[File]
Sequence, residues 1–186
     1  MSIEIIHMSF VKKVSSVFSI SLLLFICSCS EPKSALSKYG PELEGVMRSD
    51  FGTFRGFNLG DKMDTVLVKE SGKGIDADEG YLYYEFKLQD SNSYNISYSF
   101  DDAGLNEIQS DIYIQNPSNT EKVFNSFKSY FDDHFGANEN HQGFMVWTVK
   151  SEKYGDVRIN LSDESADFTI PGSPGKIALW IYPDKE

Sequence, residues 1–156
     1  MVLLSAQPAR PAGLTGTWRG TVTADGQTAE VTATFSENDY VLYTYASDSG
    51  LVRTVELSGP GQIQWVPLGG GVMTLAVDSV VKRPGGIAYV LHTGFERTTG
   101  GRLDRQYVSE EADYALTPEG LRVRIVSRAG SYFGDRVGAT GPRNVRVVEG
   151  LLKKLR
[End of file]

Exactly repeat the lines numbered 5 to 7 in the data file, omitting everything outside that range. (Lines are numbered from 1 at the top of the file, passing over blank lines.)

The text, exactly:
   151  SEKYGDVRIN LSDESADFTI PGSPGKIALW IYPDKE

Sequence, residues 1–156
     1  MVLLSAQPAR PAGLTGTWRG TVTADGQTAE VTATFSENDY VLYTYASDSG